Former USC assistant coach Todd McNair files motion for new trial in lawsuit against NCAA

Former USC running backs coach Todd McNair talks with on the football field at Burbank High with the Village Christian Crusaders on Aug. 17.
(Brian van der Brug / Los Angeles Times)

Todd McNair’s legal fight with the NCAA isn’t over.

Attorneys for the former USC running backs coach filed a motion in Los Angeles County Superior Court on Friday seeking a new trial in McNair’s long-running defamation lawsuit.

At the center of the dispute is the foreman of the jury that found in May the NCAA didn’t defame McNair in connection with the Reggie Bush extra benefits scandal.

The foreman, Anthony Bruno, worked as an attorney in the Los Angeles office of Latham and Watkins at the time of the trial. The firm, with offices throughout the world, represented the NCAA during a previous appeal in the lawsuit first filed in June 2011, though Bruno wasn’t involved.


McNair’s attorneys said in the motion they didn’t recall the prior involvement of Latham and Watkins until NCAA attorneys brought it to their attention following opening statements.

“Rather, this is all about the presumption that someone in this juror’s position was under pressures — real or perceived — that a juror should not be under,” the motion said.

When McNair’s attorneys asked for the foreman to be removed at the time, Judge Frederick Shaller questioned him and decided he wasn’t personally aware of the work Latham and Watkins did for the NCAA during the appeal.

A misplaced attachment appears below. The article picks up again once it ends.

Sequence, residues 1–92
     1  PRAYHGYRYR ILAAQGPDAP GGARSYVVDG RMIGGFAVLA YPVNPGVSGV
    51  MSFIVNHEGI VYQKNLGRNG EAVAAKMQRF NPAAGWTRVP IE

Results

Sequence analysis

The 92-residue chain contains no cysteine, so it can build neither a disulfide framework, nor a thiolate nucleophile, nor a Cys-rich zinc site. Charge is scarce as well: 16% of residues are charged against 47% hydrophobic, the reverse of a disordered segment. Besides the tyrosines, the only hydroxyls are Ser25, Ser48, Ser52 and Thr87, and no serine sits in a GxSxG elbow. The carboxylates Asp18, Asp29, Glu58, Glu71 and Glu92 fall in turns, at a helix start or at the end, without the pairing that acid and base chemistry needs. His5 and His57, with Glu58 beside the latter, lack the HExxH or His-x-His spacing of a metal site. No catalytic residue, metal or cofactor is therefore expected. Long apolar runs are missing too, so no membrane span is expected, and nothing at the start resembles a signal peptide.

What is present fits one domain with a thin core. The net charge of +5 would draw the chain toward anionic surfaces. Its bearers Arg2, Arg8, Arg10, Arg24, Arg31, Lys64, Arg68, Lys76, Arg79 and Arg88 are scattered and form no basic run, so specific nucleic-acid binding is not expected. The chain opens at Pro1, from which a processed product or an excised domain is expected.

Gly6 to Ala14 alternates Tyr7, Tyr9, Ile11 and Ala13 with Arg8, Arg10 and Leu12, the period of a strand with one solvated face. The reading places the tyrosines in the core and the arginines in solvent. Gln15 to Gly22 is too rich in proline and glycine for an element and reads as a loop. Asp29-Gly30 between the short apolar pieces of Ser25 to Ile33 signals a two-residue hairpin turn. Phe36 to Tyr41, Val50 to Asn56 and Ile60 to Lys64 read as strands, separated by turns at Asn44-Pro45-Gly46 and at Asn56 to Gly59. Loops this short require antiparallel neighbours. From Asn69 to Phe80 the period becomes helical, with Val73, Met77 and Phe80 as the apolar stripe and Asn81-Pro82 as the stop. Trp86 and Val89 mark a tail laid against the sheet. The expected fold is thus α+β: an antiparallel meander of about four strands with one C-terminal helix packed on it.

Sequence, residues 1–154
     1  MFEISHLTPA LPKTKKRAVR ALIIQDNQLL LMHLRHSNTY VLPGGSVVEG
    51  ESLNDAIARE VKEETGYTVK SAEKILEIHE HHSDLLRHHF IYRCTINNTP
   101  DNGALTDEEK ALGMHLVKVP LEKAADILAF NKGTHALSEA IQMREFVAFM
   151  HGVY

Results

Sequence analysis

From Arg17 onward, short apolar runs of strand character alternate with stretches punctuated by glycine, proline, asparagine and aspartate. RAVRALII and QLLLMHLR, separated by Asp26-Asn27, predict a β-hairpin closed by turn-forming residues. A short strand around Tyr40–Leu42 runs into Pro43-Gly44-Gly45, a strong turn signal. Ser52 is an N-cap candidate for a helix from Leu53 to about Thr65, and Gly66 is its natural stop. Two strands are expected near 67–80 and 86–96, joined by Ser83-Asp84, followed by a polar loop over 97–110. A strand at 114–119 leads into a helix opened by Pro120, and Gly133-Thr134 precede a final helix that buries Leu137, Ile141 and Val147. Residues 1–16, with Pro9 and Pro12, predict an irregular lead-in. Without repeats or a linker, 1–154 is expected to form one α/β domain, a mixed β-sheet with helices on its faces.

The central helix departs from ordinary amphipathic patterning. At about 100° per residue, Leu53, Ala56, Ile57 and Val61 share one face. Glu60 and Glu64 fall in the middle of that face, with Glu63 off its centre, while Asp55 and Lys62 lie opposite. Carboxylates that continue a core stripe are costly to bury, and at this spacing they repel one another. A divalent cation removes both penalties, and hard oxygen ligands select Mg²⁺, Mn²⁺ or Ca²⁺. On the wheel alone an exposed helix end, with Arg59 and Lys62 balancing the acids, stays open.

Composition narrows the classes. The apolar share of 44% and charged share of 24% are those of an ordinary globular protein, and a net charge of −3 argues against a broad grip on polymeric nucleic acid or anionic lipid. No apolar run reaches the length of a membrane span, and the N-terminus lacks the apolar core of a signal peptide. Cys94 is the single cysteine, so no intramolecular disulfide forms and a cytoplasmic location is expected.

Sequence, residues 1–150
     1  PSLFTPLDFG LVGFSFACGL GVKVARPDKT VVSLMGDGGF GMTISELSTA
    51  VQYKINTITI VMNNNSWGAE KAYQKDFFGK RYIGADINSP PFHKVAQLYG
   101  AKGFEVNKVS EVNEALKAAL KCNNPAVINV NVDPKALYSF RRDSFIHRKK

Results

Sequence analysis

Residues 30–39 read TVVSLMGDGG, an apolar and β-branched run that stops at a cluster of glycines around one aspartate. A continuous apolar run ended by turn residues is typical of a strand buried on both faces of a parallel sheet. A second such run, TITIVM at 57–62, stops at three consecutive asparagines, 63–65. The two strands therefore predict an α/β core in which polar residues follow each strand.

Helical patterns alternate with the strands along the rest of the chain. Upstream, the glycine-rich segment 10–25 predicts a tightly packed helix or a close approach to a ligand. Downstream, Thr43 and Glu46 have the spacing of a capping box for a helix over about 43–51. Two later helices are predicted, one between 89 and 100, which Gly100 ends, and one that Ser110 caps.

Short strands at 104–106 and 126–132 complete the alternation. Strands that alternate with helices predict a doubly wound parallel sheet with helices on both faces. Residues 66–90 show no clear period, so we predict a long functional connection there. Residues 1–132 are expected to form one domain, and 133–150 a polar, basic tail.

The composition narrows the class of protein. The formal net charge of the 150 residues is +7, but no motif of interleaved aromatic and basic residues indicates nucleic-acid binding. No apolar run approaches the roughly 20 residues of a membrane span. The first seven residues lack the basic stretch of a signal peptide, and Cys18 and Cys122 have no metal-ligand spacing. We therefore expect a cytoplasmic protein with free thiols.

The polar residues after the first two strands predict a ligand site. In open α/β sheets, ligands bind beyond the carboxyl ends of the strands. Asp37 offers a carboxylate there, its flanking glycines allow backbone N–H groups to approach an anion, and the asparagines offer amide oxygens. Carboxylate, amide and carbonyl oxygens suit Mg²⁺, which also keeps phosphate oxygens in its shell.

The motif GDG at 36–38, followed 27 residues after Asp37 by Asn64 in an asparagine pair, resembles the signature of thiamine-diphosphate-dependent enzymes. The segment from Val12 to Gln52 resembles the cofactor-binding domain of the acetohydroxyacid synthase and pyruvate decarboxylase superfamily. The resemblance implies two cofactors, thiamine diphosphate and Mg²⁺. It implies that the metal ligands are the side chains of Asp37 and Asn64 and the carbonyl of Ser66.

“This was in error and — because of the critical role this juror played in arriving at a verdict — it was prejudicial,” the motion said.


Bruno told the Los Angeles Times he “laid his cards on the table” and “there were no secrets” during his discussion in chambers with Shaller and attorneys for both sides.

“The fact that Latham represented [the NCAA] didn’t affect my view of the evidence,” Bruno said.

McNair’s attorneys also alleged in the motion there is “literally no evidence that supports the jury’s finding that none of the statements made by the NCAA … were false.” The motion said for the jury to reach its decision, the group would’ve had to judge each statement by the NCAA’s infractions committee and appeals committee regarding the Bush scandal to be accurate.

“But even the NCAA admitted that statements in both of those reports were factually inaccurate,” the motion said, pointing to the organization’s characterization of a late-night phone call between McNair and sports marketer Lloyd Lake that served as a linchpin for the infractions committee finding McNair guilty of unethical conduct.

While Lake told the NCAA that McNair called him, phone records showed Lake placed the call. But the committee reports said Lake told the NCAA that he called McNair.

A hearing on the motion is scheduled for January.

Twitter: @nathanfenno


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